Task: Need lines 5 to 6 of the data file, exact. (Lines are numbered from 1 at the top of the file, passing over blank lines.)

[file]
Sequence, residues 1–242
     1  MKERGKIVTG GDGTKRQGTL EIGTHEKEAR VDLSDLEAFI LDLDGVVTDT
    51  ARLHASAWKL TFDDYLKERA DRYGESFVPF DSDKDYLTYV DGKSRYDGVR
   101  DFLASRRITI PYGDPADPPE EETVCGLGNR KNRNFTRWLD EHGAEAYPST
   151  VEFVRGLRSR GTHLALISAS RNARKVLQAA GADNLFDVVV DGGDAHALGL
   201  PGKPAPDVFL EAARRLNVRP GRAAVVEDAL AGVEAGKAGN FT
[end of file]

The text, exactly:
   151  VEFVRGLRSR GTHLALISAS RNARKVLQAA GADNLFDVVV DGGDAHALGL
   201  PGKPAPDVFL EAARRLNVRP GRAAVVEDAL AGVEAGKAGN FT